“In 1873 this Island as a separate colony was one hundred years old. Its population had doubled in the last thirty years, with an increasing ratio. Its revenues were doubling every twelve years. It had constructed suitable public buildings, wharves, roads, breakwaters, lighthouse and other public works, equipped a stock and experimental farm, and was building up manufacturing industries of many kinds.
“In relation to its size, there was no more progressive community in British North America.
“All this had been done under a Customs and Excise Tax not exceeding $3.10 per capita.
“By the Confederation agreement, the Island surrendered to Canada the control of its Customs and Excise, and immediately became liable to a taxation of $5.05, an increase of $1.95 per capita, or a total increase of $190,000 (over $4.2 million in 2017) per annum sufficient to have enabled it to finance the railway and to carry on the other services efficiently.
“It is the opinion of your memorialists, almost unanimously supported by the people of our Province, that Confederation has caused the destruction of the industries of the Island, and has driven those formerly engaged therein to other lands. Had the Island remained out of Confederation, it could have gaurded these industries and developed its trade along the line which it had established, but by surrending to Canada its power to regulate its tariff, its established trade routes were broken up, its business turned into Canadian channels, its industries so heavily weighted in the race with rivals who enjored the advantages of continuous connection with the transportation facilties of the mainland, that they have almost become extinct.
“Prince Edward Island has always borne its full proportion of the burdens of Canada, while sharing to a very small degree in the advantages of Confederation.”
[To get a full understanding of the Island’s claim to the federal government in 1912, click here and read the report yourself.]
It took generations for the anti-Confederation and resentment towards Canada to be bred out of Islanders. Today the province is home to proud Canadians and the thoughts of an independent P.E.I. are unheard of. But when we look back on reports such as the one in 1912, it's clear that the Island paid a heavy price for passing over control of taxes and its economy to Canada.
How might history be different in P.E.I. never joined Confederation? Would the Island have raised taxes high enough to pay off the railway and eventually buy out the remaining absentee landlords? Would the Island’s business leaders have continued to heavily invest in the manufacturing and industry? It can be assumed that the trade routes with the States and other countries would have lasted.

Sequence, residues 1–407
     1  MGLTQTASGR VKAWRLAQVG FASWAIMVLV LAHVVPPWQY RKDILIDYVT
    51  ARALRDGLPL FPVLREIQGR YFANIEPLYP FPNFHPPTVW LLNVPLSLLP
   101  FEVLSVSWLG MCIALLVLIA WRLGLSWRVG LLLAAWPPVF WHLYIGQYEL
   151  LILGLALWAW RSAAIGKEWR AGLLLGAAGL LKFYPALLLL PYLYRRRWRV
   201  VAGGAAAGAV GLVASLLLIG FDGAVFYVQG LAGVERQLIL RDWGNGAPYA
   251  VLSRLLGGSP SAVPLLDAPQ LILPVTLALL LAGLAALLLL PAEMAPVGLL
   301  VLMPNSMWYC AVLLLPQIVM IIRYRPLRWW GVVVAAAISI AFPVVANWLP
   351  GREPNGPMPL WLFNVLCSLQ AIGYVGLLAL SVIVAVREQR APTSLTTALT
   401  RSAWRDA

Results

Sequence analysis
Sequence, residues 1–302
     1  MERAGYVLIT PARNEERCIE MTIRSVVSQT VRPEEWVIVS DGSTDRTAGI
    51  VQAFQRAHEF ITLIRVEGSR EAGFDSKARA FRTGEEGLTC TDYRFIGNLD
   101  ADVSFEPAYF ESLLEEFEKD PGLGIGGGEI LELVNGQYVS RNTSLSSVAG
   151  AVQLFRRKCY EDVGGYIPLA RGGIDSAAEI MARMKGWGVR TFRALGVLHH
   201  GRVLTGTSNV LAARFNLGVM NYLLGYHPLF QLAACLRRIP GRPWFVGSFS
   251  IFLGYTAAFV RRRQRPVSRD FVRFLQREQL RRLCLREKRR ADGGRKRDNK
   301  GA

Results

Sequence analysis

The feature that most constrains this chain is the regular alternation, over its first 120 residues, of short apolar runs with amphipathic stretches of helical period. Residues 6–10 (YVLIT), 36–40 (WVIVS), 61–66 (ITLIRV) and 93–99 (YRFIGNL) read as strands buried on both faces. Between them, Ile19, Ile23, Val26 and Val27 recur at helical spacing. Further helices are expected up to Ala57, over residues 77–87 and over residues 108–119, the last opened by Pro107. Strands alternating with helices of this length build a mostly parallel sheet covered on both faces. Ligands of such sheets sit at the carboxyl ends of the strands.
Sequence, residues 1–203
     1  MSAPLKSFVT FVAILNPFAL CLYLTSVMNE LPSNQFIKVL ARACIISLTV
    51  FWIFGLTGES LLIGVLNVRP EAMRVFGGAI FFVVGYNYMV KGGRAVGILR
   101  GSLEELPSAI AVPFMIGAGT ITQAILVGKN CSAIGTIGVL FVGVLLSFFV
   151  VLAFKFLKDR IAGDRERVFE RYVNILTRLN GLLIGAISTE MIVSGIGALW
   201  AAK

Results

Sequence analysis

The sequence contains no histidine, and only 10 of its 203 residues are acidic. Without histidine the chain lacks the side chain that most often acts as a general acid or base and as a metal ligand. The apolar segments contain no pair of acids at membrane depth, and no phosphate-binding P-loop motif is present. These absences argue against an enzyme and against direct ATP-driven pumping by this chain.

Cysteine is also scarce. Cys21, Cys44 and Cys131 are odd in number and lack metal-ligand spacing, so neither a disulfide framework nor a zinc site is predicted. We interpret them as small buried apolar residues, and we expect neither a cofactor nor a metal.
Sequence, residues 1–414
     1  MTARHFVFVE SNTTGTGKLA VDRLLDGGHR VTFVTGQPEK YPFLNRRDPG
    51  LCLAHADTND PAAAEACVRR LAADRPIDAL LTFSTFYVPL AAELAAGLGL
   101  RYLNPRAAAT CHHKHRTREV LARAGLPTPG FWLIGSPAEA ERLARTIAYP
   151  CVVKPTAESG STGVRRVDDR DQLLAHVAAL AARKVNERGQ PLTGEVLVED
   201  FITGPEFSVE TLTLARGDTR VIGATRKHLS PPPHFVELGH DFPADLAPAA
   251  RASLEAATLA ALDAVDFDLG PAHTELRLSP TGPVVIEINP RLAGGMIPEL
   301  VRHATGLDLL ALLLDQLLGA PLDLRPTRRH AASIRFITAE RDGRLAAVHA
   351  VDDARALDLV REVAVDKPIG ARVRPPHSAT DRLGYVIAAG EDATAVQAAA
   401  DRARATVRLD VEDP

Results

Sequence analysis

If the Island had remained independent into the 20th century it would have had to deal with American expansionism, two world wars that brought an end to the old colonial empires, the Cold War in which everyone took a side, and economic depressions that brought well established societies to their knees.
These are hypotheticals of course. No one knows for sure how the Island’s future would have played out if it had remained independent. It's seems highly unlikely that PEI would have remained isolated throughout the events of the early 1900s. Especially considering its ties to the British Empire and the American Republic. Although, it’s not fair to assume that the island would have floundered.
One thing is for sure. We can’t whitewash history saying that Islanders just didn’t get the vision--the big picture that was Canada. Nor can we say that the economy would have sunk because its agrarian economy wouldn’t have sustained it. Afterall, the Confederation era was on the tail end of the Industrial revolution in Britain. And it’s clear that the Island business community was up to date and invested in emerging industries. With Confederation, all those ties for the Island were cut-off.
When we look back at the period of Splendid Isolation on Prince Edward Island, one can imagine the optimism and hope people had for the Island’s future. The feeling of being independent and prosperous. The feeling of packing a heavy punch.
The feeling of the Island being a country onto itself.
Next week Mayzil will publish an in-depth feature article focusing on a current issue in Island affairs. If you want to be notified as soon as it's published then please subscribe to our newsletter below.